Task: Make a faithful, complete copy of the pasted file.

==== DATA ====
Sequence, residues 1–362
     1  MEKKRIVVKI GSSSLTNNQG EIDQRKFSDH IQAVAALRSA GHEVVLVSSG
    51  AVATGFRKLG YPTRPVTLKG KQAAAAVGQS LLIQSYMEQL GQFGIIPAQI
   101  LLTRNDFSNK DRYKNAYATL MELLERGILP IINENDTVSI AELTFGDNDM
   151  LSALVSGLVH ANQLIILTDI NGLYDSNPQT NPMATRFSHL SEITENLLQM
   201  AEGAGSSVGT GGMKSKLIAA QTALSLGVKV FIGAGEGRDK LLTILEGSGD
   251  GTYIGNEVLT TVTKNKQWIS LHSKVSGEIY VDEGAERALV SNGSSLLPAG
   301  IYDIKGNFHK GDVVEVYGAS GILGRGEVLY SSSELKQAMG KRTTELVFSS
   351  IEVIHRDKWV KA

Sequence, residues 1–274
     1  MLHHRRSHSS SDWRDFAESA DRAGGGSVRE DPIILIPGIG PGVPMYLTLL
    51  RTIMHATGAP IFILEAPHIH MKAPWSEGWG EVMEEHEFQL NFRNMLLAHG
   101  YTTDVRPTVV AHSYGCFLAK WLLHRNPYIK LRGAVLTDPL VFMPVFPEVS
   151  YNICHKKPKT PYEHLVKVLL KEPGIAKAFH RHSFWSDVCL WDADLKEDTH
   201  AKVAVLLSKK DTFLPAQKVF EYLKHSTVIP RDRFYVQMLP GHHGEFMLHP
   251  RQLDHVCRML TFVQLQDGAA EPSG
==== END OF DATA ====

Sequence, residues 1–362
     1  MEKKRIVVKI GSSSLTNNQG EIDQRKFSDH IQAVAALRSA GHEVVLVSSG
    51  AVATGFRKLG YPTRPVTLKG KQAAAAVGQS LLIQSYMEQL GQFGIIPAQI
   101  LLTRNDFSNK DRYKNAYATL MELLERGILP IINENDTVSI AELTFGDNDM
   151  LSALVSGLVH ANQLIILTDI NGLYDSNPQT NPMATRFSHL SEITENLLQM
   201  AEGAGSSVGT GGMKSKLIAA QTALSLGVKV FIGAGEGRDK LLTILEGSGD
   251  GTYIGNEVLT TVTKNKQWIS LHSKVSGEIY VDEGAERALV SNGSSLLPAG
   301  IYDIKGNFHK GDVVEVYGAS GILGRGEVLY SSSELKQAMG KRTTELVFSS
   351  IEVIHRDKWV KA

Sequence, residues 1–274
     1  MLHHRRSHSS SDWRDFAESA DRAGGGSVRE DPIILIPGIG PGVPMYLTLL
    51  RTIMHATGAP IFILEAPHIH MKAPWSEGWG EVMEEHEFQL NFRNMLLAHG
   101  YTTDVRPTVV AHSYGCFLAK WLLHRNPYIK LRGAVLTDPL VFMPVFPEVS
   151  YNICHKKPKT PYEHLVKVLL KEPGIAKAFH RHSFWSDVCL WDADLKEDTH
   201  AKVAVLLSKK DTFLPAQKVF EYLKHSTVIP RDRFYVQMLP GHHGEFMLHP
   251  RQLDHVCRML TFVQLQDGAA EPSG